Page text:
NEW YORK, October 11, 2006 – The Department of Biomedical Engineering of The Grove School of Engineering at The City College of New York (CCNY) has received a five-year, $2.5 million grant from the National Institutes of Health (NIH). The funds, awarded by the National Heart, Lung and Blood Institute (NHLBI), will be used to create a “national urban model for minority biomedical engineering education.”
CCNY was the only institution to receive a grant through the Minority Undergraduate Biomedical Education Program administered by NHLBI.
“The programs we are supporting through this grant will enable The Grove School of Engineering to become the gold standard for minority biomedical engineering education and help increase the presence of underrepresented minorities in the profession,” said Dr. Sheldon Weinbaum, CCNY Distinguished Professor of Biomedical Engineering and Principal Investigator on the grant.
During each year of the grant, CCNY will award NIH Scholarships, which will cover full tuition and summer research stipends, to as many as 20 high-achieving undergraduate biomedical engineering majors from underrepresented groups. Additional elements of the program include hands-on research experiences, a new mentoring program pairing undergrads with Ph.D. candidates, a new outreach program to the biotech industry and expanded outreach to New York City high schools.
Each student chosen as an NIH Scholar will have a hands-on research experience that can begin as early as the summer of the sophomore year. Students will work in laboratories at CCNY or at one of the eight hospitals that are members of the New York Center for Biomedical Engineering (NYCBE), a collaboration between CCNY and these medical research facilities.
In addition, undergraduate scholars will be paired with advanced Ph.D. candidates in biomedical engineering who will serve as mentors and receive stipends out of the grant. NIH Scholars in their freshman and sophomore years will be assigned to Teaching Fellows paid from the grant, as well, who will help them in core math and science courses that are prerequisites for advanced coursework.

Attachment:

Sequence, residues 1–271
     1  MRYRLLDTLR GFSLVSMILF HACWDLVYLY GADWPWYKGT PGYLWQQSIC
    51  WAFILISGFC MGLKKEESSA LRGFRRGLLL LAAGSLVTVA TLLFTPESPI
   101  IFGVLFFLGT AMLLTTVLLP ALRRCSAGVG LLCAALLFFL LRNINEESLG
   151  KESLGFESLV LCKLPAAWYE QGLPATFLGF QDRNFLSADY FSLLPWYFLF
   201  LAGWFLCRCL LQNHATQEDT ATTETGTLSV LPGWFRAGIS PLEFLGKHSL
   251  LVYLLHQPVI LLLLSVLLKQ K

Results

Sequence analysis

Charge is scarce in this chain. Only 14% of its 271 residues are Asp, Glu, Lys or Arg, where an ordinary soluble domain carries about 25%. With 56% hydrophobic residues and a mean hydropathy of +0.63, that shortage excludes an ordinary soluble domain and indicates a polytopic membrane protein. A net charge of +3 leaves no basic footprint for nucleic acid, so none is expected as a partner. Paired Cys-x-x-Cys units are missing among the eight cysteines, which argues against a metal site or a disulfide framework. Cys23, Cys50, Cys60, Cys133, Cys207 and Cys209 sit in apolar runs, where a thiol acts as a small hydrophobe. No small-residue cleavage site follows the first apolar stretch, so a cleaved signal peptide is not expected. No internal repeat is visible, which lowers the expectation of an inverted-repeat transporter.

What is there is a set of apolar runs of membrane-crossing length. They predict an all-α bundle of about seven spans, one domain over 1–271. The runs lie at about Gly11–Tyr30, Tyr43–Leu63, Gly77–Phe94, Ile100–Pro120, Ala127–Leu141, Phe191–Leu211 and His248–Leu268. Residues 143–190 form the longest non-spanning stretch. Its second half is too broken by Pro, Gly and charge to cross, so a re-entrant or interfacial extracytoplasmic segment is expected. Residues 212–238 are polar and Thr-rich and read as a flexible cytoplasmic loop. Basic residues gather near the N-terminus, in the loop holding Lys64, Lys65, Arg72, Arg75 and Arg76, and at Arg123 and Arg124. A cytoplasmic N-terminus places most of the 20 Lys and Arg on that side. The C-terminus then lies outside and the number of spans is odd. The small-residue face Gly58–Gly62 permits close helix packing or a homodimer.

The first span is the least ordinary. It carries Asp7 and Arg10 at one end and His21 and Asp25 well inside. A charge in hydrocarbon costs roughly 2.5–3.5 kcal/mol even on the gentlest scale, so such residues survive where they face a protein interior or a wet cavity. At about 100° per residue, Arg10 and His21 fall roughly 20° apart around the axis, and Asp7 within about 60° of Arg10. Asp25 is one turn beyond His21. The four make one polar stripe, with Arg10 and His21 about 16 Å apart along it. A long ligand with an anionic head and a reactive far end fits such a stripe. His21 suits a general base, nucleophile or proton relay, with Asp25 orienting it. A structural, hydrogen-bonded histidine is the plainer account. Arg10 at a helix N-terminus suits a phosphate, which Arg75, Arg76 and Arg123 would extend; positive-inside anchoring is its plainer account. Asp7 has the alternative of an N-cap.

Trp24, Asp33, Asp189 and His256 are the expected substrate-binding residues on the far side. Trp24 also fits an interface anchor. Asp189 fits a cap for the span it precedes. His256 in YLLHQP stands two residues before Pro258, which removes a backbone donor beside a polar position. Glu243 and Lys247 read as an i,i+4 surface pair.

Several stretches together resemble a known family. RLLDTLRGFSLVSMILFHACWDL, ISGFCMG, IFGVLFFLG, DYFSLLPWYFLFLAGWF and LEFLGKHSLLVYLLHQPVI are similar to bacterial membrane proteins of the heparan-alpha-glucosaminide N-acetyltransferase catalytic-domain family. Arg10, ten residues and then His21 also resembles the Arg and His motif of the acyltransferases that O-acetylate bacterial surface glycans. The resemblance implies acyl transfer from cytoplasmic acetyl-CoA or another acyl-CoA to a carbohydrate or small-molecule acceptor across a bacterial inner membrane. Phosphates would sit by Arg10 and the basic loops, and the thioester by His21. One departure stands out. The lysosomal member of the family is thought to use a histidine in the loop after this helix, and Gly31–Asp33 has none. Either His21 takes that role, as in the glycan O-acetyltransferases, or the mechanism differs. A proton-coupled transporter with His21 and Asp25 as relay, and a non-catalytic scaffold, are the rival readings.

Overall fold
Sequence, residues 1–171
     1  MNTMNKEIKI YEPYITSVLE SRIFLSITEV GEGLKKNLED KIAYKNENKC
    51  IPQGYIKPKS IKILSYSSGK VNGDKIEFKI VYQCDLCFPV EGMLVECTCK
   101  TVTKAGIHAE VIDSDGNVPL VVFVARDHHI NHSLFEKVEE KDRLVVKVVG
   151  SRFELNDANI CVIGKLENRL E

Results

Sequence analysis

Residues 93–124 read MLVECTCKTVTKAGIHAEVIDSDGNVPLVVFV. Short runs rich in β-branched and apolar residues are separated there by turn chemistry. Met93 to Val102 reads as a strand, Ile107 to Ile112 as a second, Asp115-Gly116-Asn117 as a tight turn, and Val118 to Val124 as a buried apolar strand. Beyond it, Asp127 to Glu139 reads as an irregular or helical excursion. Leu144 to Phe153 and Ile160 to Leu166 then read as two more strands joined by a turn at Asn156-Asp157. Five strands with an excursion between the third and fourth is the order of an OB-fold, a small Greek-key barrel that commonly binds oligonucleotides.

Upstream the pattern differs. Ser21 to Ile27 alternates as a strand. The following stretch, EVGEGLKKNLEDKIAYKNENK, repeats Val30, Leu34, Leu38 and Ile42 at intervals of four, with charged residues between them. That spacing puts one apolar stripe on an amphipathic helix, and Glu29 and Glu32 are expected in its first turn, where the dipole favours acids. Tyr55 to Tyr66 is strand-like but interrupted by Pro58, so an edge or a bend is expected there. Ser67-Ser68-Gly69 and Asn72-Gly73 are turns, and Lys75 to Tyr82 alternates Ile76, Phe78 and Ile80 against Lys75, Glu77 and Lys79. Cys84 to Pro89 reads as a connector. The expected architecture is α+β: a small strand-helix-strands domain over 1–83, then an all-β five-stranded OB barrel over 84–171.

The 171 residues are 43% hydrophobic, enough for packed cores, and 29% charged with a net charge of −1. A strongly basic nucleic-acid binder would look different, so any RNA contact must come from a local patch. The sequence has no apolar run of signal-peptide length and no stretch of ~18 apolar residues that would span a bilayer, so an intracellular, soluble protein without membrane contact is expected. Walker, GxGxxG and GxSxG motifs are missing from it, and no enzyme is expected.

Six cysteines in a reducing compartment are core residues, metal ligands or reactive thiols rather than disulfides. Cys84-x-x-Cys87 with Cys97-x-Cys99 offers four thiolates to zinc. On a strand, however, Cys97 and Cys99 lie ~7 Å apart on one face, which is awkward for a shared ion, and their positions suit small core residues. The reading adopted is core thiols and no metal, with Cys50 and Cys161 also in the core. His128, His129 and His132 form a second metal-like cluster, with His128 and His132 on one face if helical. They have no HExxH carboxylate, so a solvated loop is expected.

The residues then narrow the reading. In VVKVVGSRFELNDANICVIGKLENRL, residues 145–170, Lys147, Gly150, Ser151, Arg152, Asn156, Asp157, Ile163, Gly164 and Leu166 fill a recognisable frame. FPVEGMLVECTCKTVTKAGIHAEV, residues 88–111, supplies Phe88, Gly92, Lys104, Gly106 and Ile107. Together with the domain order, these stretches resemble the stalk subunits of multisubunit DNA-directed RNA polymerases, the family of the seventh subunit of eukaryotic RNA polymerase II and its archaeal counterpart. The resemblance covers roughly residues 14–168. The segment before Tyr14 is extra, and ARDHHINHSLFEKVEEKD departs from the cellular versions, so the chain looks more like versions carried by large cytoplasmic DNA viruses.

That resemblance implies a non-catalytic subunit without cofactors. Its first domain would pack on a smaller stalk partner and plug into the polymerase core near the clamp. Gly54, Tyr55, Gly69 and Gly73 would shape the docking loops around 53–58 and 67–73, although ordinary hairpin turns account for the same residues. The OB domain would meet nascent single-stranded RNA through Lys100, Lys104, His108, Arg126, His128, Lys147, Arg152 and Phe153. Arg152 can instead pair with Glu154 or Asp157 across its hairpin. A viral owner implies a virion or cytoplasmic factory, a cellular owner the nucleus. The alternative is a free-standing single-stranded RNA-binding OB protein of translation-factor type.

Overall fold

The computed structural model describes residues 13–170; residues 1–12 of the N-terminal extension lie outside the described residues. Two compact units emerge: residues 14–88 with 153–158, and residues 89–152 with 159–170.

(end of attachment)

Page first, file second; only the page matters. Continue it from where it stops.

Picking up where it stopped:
A pilot mentoring program for the department, created last year by Yuliya Vengrenyuk, a Ph.D. candidate in biomedical engineering, yielded significant grade improvements and better retention among participating undergraduates, Professor Weinbaum noted.
As part of the grant, the Department of Biomedical Engineering will initiate an industrial outreach program with select biotech companies. Through newly created relationships, the department expects to offer NIH Scholars summer internships and industry-sponsored design projects that will enhance the student’s senior year design course. The department anticipates its new corporate partners will also provide a valuable source of feedback for curriculum improvements.
To build and maintain the NIH Scholars base, the department will start a recruitment program that aims to cultivate relationships with science teachers and college advisors at select New York public high schools. In addition, the department intends to work with two summer programs offered by CCNY, College Now and STEM (Science, Technology, Engineering and Mathematics) to build awareness for biomedical engineering and help students prepare for success.
The new grant is the second such award received from NHLBI by the Department. An award of $2.2 million in 2001 helped establish the Department of Biomedical Engineering and create its curriculum in addition to funding scholarships.
About The Grove School of Engineering at CCNY
The Grove School of Engineering at The City College of New York, formerly the CCNY School of Engineering, is the only public engineering school within New York City. It offers Bachelors, Masters and Ph.D. degrees in seven fields: biomedical, chemical, civil, computer, electrical, and mechanical engineering and computer science. The School is recognized nationally for the excellence of its instructional and research programs and ranks among the most diverse engineering schools in the country. On November 28, 2005, the CUNY Board of Trustees named the School in honor of Dr. Andrew S. Grove, a member of the CCNY Class of 1960, and a co-founder and former chairman of Intel Corp., the world’s leading producer of microprocessors.
About The City College of New York
For over 159 years, The City College of New York has provided low-cost, high-quality education for New Yorkers in a wide variety of disciplines. Over 13,000 students pursue undergraduate and graduate degrees in the College of Liberal Arts and Science, the School of Architecture, the School of Education, the Grove School of Engineering, the Center for Worker Education and the Sophie Davis School of Biomedical Education.
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